Welcome! Login | Register

NEW: Pawtucket Mayor Grebien Blasts RI House Speaker Mattiello Over PawSox Failure—NEW: Pawtucket Mayor Grebien Blasts RI House Speaker…

NEW: President Trump Signs Executive Order Ending Family Separation—NEW: President Trump Signs Executive Order Ending Family…

Holy Cross Football to Induct Bill & Rob McGovern Into Legends Ring Of Honor—Holy Cross Football to Induct Bill & Rob…

Chef Walter’s Flavors + Knowledge: Baccala’ With Cauliflower Casserole—Chef Walter's Flavors + Knowledge: Baccala’ With Cauliflower…

16-Year-Old & Two Others Arrested on Gun Charges in Worcester—16-Year-Old & Two Others Arrested on Gun Charges…

Horowitz: Trump Alone Can Fix His Inhumane Border Policy—Horowitz: Trump Alone Can Fix His Inhumane Border…

Organize + Energize: 6 Things to do Before You Get Organized—Organize + Energize: 6 Things to do Before…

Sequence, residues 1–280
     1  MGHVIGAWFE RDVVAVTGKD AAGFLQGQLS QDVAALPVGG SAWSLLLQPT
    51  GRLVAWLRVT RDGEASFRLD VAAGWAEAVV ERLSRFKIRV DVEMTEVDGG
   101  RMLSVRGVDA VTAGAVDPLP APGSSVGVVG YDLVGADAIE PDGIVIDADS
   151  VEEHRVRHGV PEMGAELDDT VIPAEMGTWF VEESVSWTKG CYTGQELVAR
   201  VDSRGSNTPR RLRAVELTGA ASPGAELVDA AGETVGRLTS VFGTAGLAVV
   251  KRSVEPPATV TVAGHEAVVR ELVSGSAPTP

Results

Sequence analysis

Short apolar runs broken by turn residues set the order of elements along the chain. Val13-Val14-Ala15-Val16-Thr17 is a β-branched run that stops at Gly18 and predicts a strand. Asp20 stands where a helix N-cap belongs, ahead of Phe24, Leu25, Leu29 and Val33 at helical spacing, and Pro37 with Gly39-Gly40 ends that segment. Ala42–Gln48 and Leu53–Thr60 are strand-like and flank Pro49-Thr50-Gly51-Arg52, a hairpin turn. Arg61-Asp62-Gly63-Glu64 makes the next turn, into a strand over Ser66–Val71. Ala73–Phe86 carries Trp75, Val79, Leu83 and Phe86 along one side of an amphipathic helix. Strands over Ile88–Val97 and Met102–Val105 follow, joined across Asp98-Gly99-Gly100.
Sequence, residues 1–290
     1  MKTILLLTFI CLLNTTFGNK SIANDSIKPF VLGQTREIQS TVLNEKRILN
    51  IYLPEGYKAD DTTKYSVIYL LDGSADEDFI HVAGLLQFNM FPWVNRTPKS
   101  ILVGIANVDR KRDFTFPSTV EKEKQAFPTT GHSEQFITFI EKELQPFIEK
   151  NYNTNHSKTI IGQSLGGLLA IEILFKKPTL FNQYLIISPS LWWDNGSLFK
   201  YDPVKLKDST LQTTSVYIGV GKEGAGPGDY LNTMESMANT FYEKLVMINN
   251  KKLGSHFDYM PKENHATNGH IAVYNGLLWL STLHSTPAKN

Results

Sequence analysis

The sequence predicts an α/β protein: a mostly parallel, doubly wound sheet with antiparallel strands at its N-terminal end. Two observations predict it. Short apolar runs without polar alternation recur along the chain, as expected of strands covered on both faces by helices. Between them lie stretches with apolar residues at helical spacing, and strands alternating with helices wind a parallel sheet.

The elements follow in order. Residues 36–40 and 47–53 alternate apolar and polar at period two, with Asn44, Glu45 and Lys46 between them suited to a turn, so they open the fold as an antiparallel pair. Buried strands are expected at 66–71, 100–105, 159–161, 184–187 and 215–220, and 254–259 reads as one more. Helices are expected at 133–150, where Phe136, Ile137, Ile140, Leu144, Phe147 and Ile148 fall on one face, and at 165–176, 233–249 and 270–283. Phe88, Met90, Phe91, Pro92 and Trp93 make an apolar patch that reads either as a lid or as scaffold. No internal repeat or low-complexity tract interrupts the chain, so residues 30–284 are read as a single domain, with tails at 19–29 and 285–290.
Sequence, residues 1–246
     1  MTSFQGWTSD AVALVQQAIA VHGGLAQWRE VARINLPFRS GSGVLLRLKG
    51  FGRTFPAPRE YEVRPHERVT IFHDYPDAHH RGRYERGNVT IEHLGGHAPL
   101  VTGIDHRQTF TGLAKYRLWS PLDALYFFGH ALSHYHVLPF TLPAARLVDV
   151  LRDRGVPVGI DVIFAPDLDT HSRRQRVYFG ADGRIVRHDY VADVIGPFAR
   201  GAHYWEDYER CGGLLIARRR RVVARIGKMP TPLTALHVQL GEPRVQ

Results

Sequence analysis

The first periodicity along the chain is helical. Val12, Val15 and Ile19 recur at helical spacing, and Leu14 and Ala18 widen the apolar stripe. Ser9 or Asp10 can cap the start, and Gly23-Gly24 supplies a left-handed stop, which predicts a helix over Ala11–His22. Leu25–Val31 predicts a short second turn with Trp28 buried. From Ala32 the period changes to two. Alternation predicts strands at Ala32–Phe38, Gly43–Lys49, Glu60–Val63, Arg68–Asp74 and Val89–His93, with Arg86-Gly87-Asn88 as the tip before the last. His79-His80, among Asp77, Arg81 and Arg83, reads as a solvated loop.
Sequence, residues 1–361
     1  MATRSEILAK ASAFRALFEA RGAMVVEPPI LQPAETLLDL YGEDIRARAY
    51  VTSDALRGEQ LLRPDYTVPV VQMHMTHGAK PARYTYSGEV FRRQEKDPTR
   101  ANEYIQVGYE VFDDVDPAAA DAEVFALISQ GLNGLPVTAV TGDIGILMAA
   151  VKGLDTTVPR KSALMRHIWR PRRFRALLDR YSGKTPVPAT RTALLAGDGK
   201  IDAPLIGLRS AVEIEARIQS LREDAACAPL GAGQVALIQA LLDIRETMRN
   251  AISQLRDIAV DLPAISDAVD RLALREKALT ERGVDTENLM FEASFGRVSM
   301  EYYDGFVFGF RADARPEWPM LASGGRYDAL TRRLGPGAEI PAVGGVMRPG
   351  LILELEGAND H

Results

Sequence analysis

10 Great Pets in Need of Loving Homes - June 19, 2018—10 Great Pets in Need of Loving Homes…

Worcester Man Killed During Motorcycle Accident on Father’s Day—Worcester Man Killed During Motorcycle Accident on Father's…

Smart Benefits: Form 5500 Due July 31—Smart Benefits: Form 5500 Due July 31


Monfredo: Reading Week In Our City – Week Of June 5.. Join In & Support Reading

Sunday, June 05, 2016


Research continues to point out that reading regularly increases  vocabulary and improves skills.  In addition, developing your child’s reading and comprehension early on in their education also means that you are preparing them for the “real world.  Reading opens many doors to help them become successful in life.  If you can read you have open to you the world of knowledge for fluency in language and consequently communication skills are improved by reading.